At present John has admitted and apologized for his wrongdoing though perhaps not thoroughly enough. John is also the CEO and sole proprietor of Anusara, Inc and thus holds all copyrights and trademarks related to Anusara yoga that we as Certified and Inspired teachers work so hard to earn the right to use. As of Friday an official effort for greater transparency and teacher involvement within Anusara as an organization is underway.

What remains unclear to me is John’s level of acceptance and understanding of wrongdoing on his part, his willingness to get meaningful help and the efficacy of corporate restructuring. I had already planned to go to Miami this week for a workshop with John and now view this as a unique opportunity to gain first hand perspective regarding the concerns noted above. I will use this experience to help make a decision regarding maintaining or resigning my status as a licensed Anusara-Inspired teacher.

Whatever happens regarding licensing, the fate of Anusara, Inc or Anusara as a branded system of yoga, be assured that my commitment to the Principles of the practice remain: a life-affirming philosophy, elegant alignment principles and most importantly you, my cherished community of students, teachers and friends. No matter where this journey of transformation takes us we will always remain a community of the heart.

On a final note, my dear mentor and friend Lila Brown resigned her Anusara Certification today. She and I had an in-depth conversation about this and I fully understand, support and honor her decision.

I encourage you to contact me with any questions or concerns. I am here and happy to be of service.

With love and gratitude,
Melinda

Humble Spaces

I am often surprised at the lack of glamor that surrounds radical transformation. The big shifts in life appear to happen in a moment of instant awakening, coming like a thief in the night, are really the product of long term commitment to Self-study and small, daily changes. When transformation happens, or at least when you realize that transformation has happened, it feels so full of power, so brilliant and wonderful that it must have occurred in a dramatic landscape, or a take-your-breath away, well lit, well designed room.

You probably couldn't do a whole lot of asana in here, still ...

Half of my weekly classes are held in a 1000sq/ft room located in the upstairs of an office building. A pretty space to be sure but one that shares a floor and a bathroom with an insurance agent and a pan-asian consulting company. In that context, it presents as a rather unlikely place for healing.

It’s true that when John Friend comes to Raleigh the event is held in a gigantic gathering space in a building owned by the Hindu Society of North Carolina. Here there is a lobby for checking in, an entire room for the Sri-Tail (retail) store, separate bathrooms, another room for a healing practitioner to offer his services; there’s even an industrial kitchen. The practice space is well lit, the colors are soothing and the ceilings are high. All in all, quite swanky. Not all of John’s venue’s are like this. Many are in old YMCA’s and community centers where no matter how much you try, the floors will never really be clean. At the Y in Cary, where I also teach, there is a fat pole in the middle of the room; cycles and aerobic equipment line the walls. There is no elegance in any of these places. But it’s in these slap-dash spaces with very little in the way of amenities or view, people experience bursts of light, deep energetic shifts, physical, emotional and spiritual healing. They change, and they change for the better.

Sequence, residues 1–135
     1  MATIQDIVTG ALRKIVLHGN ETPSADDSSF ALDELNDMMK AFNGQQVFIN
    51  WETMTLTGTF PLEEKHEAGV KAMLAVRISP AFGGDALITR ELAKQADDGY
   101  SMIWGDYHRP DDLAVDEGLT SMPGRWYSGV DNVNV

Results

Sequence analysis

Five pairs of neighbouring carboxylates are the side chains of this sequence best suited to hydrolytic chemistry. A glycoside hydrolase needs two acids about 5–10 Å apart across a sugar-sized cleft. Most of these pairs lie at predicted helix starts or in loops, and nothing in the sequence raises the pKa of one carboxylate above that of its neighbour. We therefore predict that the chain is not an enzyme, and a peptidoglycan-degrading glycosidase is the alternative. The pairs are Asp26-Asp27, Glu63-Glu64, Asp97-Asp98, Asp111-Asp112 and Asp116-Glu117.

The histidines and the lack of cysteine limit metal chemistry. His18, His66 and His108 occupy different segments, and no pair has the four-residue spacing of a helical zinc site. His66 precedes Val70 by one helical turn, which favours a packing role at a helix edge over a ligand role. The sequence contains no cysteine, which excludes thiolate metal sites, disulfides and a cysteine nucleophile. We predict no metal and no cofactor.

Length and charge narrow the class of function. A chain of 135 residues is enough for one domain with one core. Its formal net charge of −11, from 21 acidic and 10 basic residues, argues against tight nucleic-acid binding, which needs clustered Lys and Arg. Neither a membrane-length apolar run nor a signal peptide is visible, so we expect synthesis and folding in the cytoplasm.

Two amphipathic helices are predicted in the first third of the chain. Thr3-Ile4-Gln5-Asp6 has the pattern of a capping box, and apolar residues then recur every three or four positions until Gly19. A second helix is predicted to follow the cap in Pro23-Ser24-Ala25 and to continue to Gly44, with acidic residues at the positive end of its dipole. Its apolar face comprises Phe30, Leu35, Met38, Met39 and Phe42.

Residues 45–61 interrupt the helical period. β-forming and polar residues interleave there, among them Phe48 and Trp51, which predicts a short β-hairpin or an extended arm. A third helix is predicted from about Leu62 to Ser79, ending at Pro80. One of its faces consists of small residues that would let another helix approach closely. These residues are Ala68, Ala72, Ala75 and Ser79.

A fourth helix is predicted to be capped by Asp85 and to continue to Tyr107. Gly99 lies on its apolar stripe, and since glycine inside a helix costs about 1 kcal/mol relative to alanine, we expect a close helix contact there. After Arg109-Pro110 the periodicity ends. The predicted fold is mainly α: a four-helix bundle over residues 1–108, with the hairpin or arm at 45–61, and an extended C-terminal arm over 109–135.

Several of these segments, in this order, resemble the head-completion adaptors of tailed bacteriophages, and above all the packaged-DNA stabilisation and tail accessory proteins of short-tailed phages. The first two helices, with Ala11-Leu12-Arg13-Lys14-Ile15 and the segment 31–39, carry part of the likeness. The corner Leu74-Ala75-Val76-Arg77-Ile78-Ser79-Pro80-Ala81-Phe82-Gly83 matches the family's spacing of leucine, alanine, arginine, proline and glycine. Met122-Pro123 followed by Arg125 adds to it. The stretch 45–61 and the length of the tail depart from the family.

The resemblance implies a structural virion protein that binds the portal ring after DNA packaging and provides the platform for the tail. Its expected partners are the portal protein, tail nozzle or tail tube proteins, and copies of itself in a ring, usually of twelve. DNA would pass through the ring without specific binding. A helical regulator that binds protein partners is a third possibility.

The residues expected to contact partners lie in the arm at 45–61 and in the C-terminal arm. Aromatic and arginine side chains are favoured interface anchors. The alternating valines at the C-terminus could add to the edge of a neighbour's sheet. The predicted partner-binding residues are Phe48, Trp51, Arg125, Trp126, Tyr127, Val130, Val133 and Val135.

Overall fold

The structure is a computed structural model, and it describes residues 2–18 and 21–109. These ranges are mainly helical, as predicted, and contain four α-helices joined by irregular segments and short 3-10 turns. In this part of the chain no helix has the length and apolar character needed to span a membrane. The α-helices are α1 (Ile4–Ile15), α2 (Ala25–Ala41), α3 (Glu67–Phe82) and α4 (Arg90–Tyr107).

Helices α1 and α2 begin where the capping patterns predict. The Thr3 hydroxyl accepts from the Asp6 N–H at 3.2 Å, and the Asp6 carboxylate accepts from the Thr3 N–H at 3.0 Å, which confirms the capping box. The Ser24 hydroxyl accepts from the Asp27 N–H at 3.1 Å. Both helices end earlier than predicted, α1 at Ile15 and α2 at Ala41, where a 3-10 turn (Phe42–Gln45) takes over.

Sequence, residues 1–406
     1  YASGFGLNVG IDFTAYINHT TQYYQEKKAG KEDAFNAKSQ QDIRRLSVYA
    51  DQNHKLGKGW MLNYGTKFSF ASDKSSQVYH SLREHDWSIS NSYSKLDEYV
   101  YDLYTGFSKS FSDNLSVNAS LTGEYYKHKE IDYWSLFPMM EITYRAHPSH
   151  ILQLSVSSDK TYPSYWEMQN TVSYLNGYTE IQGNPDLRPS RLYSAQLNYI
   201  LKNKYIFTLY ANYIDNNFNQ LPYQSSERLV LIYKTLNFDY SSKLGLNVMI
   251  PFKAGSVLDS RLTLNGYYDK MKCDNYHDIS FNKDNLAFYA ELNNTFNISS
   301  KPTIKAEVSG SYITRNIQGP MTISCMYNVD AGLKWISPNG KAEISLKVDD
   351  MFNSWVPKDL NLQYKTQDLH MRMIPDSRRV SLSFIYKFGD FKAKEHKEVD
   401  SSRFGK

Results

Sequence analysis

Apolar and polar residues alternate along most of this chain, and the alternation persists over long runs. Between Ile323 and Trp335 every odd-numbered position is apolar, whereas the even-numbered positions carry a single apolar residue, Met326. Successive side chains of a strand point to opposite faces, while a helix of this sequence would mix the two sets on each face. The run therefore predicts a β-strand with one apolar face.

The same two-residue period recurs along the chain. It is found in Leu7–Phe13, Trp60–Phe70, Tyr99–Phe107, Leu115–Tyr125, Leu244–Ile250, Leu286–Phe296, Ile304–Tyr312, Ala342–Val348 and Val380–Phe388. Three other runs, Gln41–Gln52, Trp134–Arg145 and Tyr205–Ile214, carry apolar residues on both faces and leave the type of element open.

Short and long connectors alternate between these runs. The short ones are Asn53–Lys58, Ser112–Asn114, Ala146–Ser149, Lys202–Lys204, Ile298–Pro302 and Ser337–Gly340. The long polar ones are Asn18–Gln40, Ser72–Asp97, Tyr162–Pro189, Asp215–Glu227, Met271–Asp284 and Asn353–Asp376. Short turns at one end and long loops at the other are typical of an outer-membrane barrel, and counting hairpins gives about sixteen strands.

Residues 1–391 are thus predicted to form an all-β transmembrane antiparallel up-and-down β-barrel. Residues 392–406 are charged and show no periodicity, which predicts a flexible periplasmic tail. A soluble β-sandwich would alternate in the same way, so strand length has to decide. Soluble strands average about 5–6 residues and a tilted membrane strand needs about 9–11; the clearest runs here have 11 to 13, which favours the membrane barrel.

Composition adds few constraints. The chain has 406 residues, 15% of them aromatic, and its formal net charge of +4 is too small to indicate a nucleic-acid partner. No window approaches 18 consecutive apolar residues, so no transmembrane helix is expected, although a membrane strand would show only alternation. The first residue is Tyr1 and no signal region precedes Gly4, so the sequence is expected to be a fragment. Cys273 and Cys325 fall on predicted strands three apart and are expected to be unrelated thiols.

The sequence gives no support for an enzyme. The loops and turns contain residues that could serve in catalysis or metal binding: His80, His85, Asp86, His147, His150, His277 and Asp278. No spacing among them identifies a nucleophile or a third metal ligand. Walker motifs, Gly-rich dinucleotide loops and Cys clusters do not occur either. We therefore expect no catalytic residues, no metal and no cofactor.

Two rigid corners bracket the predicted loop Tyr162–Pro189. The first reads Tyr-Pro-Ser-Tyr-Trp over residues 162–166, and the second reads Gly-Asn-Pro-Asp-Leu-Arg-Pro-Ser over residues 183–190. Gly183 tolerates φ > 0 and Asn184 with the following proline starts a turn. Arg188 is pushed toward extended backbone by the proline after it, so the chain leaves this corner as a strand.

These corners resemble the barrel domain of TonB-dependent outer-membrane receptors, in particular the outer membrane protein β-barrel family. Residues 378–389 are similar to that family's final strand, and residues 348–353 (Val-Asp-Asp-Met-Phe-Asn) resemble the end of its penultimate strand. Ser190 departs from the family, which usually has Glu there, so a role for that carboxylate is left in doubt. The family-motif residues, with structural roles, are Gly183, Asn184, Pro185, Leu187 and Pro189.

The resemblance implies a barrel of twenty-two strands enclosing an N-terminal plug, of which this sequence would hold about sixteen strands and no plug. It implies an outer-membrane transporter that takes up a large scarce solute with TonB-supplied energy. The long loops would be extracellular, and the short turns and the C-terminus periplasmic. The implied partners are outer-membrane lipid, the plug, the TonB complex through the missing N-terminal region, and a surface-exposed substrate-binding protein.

In my home I am blessed to have a small room of my own. There is a window looking out at the patio and wax myrtles where robins and finches and squirrels like to play; three of the walls are light, creamy yellow with the fourth accented in lilac purple. Last August I relieved my parents of the honey colored oak desk set that was a part of my childhood bedroom suite and rearranged the room to better serve it’s many purposes as a place to practice, meditate (though I actually do that on the couch in the living room), write, paint, pay bills etc. Until recently the floors, like the desk, were a pleasing honey color. Two weeks after putting in the new/old desk the AC froze and then, despite the tech’s guarantee to the contrary, unfroze and water leaked into the room warping half of the floor boards. This happened in September. For various reasons it still has not been repaired. I spent the fall practicing and working in a room with half laminate, half concrete flooring. Now, as we prepare to install some lovely bamboo, all of the contents of the room have been hauled into our open dining area and I am doing asana in our bathroom. Certainly no glamor here. But there is a skylight and when I look up I see the tips of pine trees giggling with light; the black outline of birds soaring through the sky. I didn’t see this part of the dance from the window in my room and am glad I haven’t missed it.

At our old apartment I did my yoga first on the carpet in the living room next to the gas fireplace (which was excellent at 5am on chilly winter mornings) then on the sturdier vinyl floor in the shotgun kitchen. While not very big, this was a great place to practice. It’s where I learned to go from Prasaritapadottanasana to Sirasana II (standing forward fold to tri-pod headstand.) Cradled on one side by the oven and fridge and counter on the other, I had no fear of falling.

It doesn’t matter where we practice or meditate or pray (in a studio, a church, the woods, the shower) so long as we do. A clean, beautiful space creates a more inviting, less chaotic atmosphere and I think that’s important. Pleasing color, light, furniture, cleanliness is a gift we give ourselves. But what really matters is the space inside. Overtime our yoga rooms, no matter how humble or stylish, build up a resonance of Shakti and this resonance creates open spaces within for the power of Heart to take up residence. What could be more humble than residing in the house of the Divine?

New Work Coming Soon!

Dawn Sets the Ocean on Fire